Remembering the Edinburgh Folk Festival, years ago. Singer-songwriter Archie Fisher hea
ded the festival and every year there’d be one show where he’d choose a group of musicians who’d never met. He’d put us in a theater first thing in the morning, introduce us and tell us to have a show ready by 8 that night.
The year I’m thinking about, the ensemble was bagpipes, harp, voice, bass – and probably percussion. Hard to forget the bagpipes, though.
We rehearsed, I’m sure, but since most of us were also jazz players, we could choose tunes we all knew, or string a bunch together, describe the layout “Ok, you play a kind of intro thingy, then I’ll come in with a bass-line, set up the rhythm and Max there will yell out which tune we’re gonna do.” It’s the best kind of playing sometimes, because it’s completely spontaneous and you have to listen like crazy.
And it had been drummed into me: “if the bagpipes start playing, we’re in the key of Bminor.” OK – so if you’re a bagpipe player and you know I have this wrong, forgive me – it was, like, half-a-lifetime ago. The point, for me, as a harp player is that once the bagpipes start, there’s a limited number of notes I need to worry about — I can just set my harp into a particular key and just be there. So the bagpipes give a kind of mental freedom.
Now, the singer and the bass player were a couple – I’m pretty sure of that. And I’m thinking she was Melanie O’Reilly. But I’m not clear on that point, either. Here’s what I am I’m clear on: It had been a long day, we’d gotten a little sidetracked at rehearsal and we didn’t have a full set-list. The show started, and we’d been playing an hour or so, when – well, let’s just call her Melanie — started a song I’d never heard before.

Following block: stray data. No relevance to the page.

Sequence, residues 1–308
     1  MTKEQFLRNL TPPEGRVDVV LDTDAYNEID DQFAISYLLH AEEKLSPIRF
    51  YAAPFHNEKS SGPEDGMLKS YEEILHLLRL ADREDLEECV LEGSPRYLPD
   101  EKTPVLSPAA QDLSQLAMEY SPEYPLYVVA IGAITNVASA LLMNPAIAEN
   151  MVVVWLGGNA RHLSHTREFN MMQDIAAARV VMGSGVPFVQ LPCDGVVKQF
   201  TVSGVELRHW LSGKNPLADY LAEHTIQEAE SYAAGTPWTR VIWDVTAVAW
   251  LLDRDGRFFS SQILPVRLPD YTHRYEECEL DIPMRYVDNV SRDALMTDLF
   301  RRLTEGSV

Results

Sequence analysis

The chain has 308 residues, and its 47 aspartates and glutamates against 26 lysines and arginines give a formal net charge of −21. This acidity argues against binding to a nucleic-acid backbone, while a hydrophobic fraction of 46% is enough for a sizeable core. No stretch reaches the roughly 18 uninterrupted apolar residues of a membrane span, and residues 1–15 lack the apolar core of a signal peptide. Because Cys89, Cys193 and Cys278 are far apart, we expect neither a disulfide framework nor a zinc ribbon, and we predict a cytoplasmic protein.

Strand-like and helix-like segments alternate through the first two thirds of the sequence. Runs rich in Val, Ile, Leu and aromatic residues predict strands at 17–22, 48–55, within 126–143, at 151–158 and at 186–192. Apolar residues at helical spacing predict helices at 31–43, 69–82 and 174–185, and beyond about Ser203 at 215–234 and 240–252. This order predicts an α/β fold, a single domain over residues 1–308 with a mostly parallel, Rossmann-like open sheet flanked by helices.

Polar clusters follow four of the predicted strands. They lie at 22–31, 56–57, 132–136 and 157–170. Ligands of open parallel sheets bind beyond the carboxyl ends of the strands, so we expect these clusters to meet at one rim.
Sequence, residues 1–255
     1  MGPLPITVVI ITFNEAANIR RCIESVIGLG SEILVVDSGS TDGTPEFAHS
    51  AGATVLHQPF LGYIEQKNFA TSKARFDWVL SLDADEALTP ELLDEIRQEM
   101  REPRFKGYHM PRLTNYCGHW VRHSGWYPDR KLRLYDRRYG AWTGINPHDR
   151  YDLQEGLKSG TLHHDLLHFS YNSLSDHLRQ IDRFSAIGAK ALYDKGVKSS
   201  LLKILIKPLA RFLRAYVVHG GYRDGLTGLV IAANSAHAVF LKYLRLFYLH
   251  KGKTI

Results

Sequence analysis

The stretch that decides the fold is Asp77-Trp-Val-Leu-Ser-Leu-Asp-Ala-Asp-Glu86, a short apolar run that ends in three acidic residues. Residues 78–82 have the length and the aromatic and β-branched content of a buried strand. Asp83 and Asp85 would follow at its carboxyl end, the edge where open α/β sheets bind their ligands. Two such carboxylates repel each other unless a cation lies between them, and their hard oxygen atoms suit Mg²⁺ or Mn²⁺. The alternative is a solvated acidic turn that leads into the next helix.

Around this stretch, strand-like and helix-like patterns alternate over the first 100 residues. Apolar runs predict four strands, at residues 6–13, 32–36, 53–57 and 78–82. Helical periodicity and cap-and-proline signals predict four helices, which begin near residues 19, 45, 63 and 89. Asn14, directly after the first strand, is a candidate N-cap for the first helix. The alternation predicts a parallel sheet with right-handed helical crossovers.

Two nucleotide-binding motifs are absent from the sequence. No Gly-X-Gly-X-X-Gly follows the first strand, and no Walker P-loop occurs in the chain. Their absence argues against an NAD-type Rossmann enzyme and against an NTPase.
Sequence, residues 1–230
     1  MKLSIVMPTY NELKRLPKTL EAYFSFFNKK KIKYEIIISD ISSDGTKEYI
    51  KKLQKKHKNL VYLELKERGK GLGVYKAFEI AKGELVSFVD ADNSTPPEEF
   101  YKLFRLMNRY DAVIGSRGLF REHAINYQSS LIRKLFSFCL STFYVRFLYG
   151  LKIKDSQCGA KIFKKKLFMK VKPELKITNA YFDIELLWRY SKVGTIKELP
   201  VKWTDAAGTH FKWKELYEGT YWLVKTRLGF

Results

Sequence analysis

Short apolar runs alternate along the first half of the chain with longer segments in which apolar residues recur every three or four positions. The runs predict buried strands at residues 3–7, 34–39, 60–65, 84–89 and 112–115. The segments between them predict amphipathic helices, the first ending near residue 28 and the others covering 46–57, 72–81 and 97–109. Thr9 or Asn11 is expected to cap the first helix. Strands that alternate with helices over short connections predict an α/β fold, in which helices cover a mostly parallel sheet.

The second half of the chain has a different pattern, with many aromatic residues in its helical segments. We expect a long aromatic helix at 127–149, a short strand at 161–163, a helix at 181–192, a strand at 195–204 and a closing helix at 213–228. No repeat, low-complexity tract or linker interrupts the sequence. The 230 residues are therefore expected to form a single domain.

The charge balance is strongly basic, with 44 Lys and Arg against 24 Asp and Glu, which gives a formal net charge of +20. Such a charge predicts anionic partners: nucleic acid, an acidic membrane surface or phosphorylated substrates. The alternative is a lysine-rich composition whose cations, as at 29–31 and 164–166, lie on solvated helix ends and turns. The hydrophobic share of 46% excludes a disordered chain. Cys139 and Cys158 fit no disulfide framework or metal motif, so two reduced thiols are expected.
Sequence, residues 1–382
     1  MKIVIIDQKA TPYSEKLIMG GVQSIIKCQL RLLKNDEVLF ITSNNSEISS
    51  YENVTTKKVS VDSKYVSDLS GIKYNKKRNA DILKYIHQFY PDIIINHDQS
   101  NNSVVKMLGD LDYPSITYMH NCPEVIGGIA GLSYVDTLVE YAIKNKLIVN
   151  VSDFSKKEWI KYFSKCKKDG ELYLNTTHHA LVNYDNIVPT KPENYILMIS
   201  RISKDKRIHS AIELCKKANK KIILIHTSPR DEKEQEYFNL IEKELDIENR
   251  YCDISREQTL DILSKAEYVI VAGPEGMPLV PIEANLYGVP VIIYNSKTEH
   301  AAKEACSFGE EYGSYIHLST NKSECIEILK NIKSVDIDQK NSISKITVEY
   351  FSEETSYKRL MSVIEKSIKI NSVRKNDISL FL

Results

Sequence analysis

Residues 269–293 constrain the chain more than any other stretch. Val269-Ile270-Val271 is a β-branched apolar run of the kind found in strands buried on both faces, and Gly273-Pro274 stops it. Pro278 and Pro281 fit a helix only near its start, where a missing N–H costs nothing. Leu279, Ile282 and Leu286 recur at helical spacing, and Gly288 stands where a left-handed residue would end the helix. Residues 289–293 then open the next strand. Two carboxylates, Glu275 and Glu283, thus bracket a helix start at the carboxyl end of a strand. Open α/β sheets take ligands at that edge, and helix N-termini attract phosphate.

I didn’t panic because I was too tired. And then the bagpipes started. That was my cue. I shifted my harp into bagpipe key and, since I had no idea how the tune went, I just started playing glissandos. For anyone who isn’t a harp player — though it’s hard to imagine there are many who aren’t in the world — OK, yes that was a sad stab at fringe-instrument humor — anyway for those who don’t know, a glissando is that thing harps do when the TV show is about to go into a dream sequence. But some glissandos can sound pretty eery. And the one I was playing was an eery-type.
I know there’s no way I can bring this moment back, and I’ve never tried to describe it – or even to explain it – and yet it stands in my mind as deeply important, so I want to try. Behind me Melanie sang, “…she moved through the fair,” the bass player’s counterline sighing like wind — and the bagpipes, like the ghost of every lost thing you longed to find — and my harp, waves of giving in, me giving in to the experience of playing something I had never heard, each of us playing something so simple that we disappeared into the song, into the singer’s breath. This, simply giving in to the music, playing in a way that required no skill — no ‘playing,’ no ‘doing’ – – just listening and responding with hands, with movement. Freedom. Expression. Not “me expressing” — but the experience of being the expression. And of being lifted. Lifted, though knowing that if I stopped, the updraft would disappear. All I needed to do was continue. Simple, inevitable.
Years later, when I recorded my Celtic album, I chose that piece, “She Moves Through the Fair,” and recorded it. And the piece is still beautiful, still haunting. But my memory is beyond beautiful — the voice I heard, the place I went, the sensation of being suspended on the sound. It’s the quintessence of live music. The updraft of the soul.